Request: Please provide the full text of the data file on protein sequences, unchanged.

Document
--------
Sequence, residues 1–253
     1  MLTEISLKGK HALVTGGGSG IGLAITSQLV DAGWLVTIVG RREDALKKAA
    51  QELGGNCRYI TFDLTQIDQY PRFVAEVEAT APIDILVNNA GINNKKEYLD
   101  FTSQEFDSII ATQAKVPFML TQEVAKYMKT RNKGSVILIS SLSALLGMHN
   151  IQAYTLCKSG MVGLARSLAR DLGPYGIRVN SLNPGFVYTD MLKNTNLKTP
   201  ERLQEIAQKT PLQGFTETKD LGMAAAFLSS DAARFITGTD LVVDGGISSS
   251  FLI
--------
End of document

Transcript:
Sequence, residues 1–253
     1  MLTEISLKGK HALVTGGGSG IGLAITSQLV DAGWLVTIVG RREDALKKAA
    51  QELGGNCRYI TFDLTQIDQY PRFVAEVEAT APIDILVNNA GINNKKEYLD
   101  FTSQEFDSII ATQAKVPFML TQEVAKYMKT RNKGSVILIS SLSALLGMHN
   151  IQAYTLCKSG MVGLARSLAR DLGPYGIRVN SLNPGFVYTD MLKNTNLKTP
   201  ERLQEIAQKT PLQGFTETKD LGMAAAFLSS DAARFITGTD LVVDGGISSS
   251  FLI